Xbox One | 360 | XBLA  PS4 | PS3 | PSN  Wii U | VC    3DS  PS Vita  iOS    PC    Retro    


  » news
  » reviews
  » previews
  » cheat codes
  » release dates
  » screenshots
  » videos

  » specials
  » interviews

  » facebook
  » twitter
  » contests

  » games list
  » franchises
  » companies
  » genres
  » staff
 

Which E3 2016 Game Was Your Favorite?

The Legend of Zelda: Breath of the Wild
Battlefield 1
God of War
Ghost Recon: Wildlands
Dishonored 2


Game Profile
FINAL SCORES
8.5
Visuals
8.0
Audio
8.0
Gameplay
9.0
Features
8.0
Replay
8.0
INFO BOX
PLATFORM:
Wii Shop Channel
PUBLISHER:
Nintendo
DEVELOPER:
Nintendo
GENRE: Action
PLAYERS:   1
RELEASE DATE:
January 07, 2007
ESRB RATING:
Everyone
 Written by John Scalzo  on January 18, 2008

Review: Dr J-us! Dr J-us! Oh Dr J-us! I can help you Dr J-us!


Quick, name a first party title on the NES. I bet most people just thought of a game in the Super Mario Bros. series. Maybe a few others went for Zelda and a very small number probably picked Metroid. But for some reason StarTropics, a spiritual sequel to the original Legend of Zelda is completely forgotten by most of the retrogaming populace. Thankfully, Nintendo has remembered their island-hopping adventure and brought Startropics to the Virtual Console.

StarTropics uses the same engine as the original Legend of Zelda to tell the more modern story of Mike Jones, a teenager from Seattle. Mike is visiting his uncle, a scientist who lives in the tropics, when strang things start to happen. His uncle has disappeared and monsters have begun to appear in the caves below C-Island. Using a yo-yo as his main weapon (dubbed an Island Star by the chief), Mike ventures into the caves in search of his uncle.



Right away, the similarities to Zelda are obvious. The game takes place in an overhead view with most of the action divided into rooms that can only be opened by tripping a switch, killing all of the enemies or finding a secret passageway. Mike's health is even displayed in hearts (and finding Heart Containers add to this life force).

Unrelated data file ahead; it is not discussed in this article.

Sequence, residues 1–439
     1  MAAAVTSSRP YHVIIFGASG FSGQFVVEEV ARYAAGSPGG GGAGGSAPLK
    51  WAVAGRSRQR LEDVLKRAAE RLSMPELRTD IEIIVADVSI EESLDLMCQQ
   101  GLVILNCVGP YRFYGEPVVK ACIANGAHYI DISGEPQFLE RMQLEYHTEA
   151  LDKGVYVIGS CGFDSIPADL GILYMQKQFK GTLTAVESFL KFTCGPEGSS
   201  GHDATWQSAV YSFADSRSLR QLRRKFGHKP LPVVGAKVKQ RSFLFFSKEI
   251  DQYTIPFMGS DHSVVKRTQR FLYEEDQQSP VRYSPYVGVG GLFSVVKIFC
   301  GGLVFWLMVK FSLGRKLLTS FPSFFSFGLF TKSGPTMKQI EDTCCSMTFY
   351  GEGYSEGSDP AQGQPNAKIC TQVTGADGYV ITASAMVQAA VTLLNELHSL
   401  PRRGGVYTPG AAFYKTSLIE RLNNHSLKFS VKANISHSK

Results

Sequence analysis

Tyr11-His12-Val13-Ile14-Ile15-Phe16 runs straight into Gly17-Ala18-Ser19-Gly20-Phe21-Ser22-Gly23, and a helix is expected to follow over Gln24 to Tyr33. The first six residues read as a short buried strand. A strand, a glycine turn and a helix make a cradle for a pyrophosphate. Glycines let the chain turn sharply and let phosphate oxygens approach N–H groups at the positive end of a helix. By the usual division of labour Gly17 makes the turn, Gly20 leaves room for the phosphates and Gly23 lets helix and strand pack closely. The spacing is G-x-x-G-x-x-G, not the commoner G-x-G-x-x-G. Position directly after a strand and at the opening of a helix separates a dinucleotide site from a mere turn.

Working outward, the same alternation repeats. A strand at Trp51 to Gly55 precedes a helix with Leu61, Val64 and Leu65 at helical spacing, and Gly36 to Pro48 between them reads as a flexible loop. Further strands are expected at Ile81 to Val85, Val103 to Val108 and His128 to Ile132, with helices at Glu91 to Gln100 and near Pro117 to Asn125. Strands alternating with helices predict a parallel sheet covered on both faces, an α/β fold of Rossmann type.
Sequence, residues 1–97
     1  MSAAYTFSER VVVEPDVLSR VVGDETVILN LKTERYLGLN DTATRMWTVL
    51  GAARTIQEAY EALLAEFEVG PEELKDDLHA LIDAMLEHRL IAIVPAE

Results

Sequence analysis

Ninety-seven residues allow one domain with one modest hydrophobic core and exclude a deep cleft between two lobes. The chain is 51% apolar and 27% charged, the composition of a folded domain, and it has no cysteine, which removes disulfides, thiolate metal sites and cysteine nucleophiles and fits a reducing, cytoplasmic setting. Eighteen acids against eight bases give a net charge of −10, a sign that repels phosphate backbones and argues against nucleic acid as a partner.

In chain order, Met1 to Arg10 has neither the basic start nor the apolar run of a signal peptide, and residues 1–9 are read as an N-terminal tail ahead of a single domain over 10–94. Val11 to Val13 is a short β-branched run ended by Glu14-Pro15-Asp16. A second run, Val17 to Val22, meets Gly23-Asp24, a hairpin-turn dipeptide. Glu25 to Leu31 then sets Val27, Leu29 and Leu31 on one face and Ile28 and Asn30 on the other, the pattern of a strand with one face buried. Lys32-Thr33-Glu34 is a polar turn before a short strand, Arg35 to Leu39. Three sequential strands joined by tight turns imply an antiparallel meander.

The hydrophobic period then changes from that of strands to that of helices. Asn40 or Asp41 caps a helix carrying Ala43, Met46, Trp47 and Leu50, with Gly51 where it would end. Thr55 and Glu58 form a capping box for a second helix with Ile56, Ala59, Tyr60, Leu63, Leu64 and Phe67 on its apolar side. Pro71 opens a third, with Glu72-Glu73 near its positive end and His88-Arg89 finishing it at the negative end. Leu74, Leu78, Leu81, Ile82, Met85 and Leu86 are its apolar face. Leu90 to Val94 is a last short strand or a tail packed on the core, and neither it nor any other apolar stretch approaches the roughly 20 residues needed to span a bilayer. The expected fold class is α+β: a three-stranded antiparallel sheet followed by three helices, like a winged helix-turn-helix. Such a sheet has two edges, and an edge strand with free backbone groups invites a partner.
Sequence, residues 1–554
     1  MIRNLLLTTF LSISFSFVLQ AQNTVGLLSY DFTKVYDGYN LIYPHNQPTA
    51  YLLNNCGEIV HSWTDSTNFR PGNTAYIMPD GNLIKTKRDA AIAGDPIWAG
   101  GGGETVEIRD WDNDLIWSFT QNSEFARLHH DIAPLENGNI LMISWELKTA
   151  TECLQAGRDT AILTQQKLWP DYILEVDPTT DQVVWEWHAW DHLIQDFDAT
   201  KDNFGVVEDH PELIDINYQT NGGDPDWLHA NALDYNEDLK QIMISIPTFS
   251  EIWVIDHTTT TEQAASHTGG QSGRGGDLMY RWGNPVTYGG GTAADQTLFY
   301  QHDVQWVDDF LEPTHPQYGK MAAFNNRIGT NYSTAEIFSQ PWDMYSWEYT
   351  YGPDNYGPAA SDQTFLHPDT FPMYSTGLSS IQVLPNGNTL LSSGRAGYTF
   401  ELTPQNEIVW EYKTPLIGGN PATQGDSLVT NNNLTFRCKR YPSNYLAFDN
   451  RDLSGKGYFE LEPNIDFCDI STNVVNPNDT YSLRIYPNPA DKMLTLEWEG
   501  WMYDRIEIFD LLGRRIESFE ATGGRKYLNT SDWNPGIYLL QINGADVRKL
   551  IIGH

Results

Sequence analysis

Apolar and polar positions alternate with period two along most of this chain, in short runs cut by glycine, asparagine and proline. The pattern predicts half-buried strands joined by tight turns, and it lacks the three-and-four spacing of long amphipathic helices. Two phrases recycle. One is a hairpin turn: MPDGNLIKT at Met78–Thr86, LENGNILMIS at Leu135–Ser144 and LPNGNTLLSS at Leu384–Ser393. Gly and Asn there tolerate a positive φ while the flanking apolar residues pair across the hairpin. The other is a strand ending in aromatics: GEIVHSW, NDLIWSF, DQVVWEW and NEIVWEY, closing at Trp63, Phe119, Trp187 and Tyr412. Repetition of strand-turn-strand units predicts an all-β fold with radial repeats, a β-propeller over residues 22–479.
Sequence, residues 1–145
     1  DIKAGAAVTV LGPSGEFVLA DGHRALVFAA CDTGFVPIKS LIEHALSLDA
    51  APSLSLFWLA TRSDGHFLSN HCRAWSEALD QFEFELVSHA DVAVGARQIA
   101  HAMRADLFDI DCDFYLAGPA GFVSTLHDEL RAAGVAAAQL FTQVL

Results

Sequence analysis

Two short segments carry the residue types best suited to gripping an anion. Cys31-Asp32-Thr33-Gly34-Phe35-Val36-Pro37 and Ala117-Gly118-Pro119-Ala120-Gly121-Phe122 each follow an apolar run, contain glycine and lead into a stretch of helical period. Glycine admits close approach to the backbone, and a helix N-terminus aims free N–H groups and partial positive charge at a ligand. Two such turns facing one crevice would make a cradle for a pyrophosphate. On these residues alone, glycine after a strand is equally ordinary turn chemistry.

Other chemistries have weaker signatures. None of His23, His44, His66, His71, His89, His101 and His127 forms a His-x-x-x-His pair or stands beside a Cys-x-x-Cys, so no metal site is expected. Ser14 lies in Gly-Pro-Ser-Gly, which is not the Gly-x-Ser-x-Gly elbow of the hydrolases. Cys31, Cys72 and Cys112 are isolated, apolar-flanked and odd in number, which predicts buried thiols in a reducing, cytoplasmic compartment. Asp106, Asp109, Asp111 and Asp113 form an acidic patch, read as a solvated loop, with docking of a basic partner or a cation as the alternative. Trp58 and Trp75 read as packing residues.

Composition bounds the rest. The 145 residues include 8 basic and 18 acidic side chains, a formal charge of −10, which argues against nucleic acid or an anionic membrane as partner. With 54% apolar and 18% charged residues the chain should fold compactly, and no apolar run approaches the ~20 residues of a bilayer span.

But there are a few noticeable differences as well. For one, Mike can jump. For another, the game is designed using an invisible "grid." Each room is divided into "squares" and pressing one of the directional buttons will move Mike one square at a time. This grid becomes very visible with the tiles scattered around every room. Some doors can only be opened by switches and some switches can only be found by jumping on these tiles. "Island-hopping" from tile to tile quickly becomes a way of life in StarTropics.

The grid-based controls can feel a little confining to gamers accustomed to more freeform movements, but it quickly becomes second nature and learning how to exploit it (like by figuring out what kind of reach each weapon has) is the key to victory.

StarTropics' quirky humor also establishes the game as the anti-Zelda. The use of a yo-yo as a weapon (and later baseball bats, cleats and slingshots) mirrors the ?real world? weaponry found in another forgotten Nintendo classic, Earthbound. Strange islanders, talking dolphins, an adventure in the belly of a whale and a submarine piloted by ROB just add to the weirdness. StarTropics is also remembered for the special letter that was included with the original NES cartridge. Once the player reaches a certain point in the game, the letter has to be dipped in water to reveal a secret code to proceed. Thankfully, Nintendo created a virtual letter and virtual water to dip it in for this VC release.

The game features plenty of interesting enemies and some cool boss designs that make it more than ?that game that looks kinda like Zelda.? It also has some catchy music and a great underworld theme. Although it should be noted that when the player is exploring the overworld, the screen will flicker if the game is being played on an HDTV. It's hard to fault Nintendo for that, but it's annoying nonetheless.

Bottom Line
StarTropics is one of the few games developed and published that has been almost completely forgotten by the gaming community. And it's truly a shame as the Zelda-like adventuring and the tropical island twist make for a spectacular game. Hopefully, the game can find a new life on the Virtual Console and maybe a future life with a new sequel. Maybe I can wish upon a star for that one...


User Comments

Farming Simulator 17 Gameplay Video Released by Giants Software


Yakuza 0 Set To Launch Early 2017 in the Americas and Europe on PS4


Minecraft: Story Mode Episode 7 Now Available From Telltale Games


CD Projekt Red is Bringing Gwent to Gamescom For You to Play


Marvel Ultimate Alliance Bundle Releasing This Week for Xbox One, PS4 and PC


Nebulous is Set For Release Beginning on August 30


Riptide GP: Renegade Now Available On PlayStation 4 and Steam


Mutant Mudds Super Challenge Now Available on PlayStation and PC


Games With Gold August Xbox One and Xbox 360 Games Revealed by Microsoft


Call of Duty: Infinite Warfare San Diego Comic Con Panel Released






Home    •    About Us    •    Contact Us    •    Advertise    •    Jobs    •    Privacy Policy    •    Site Map
Copyright ©1999-2012 Matt Swider. All rights reserved. Site Programming copyright © 2004 Bill Nelepovitz - NeositeCMS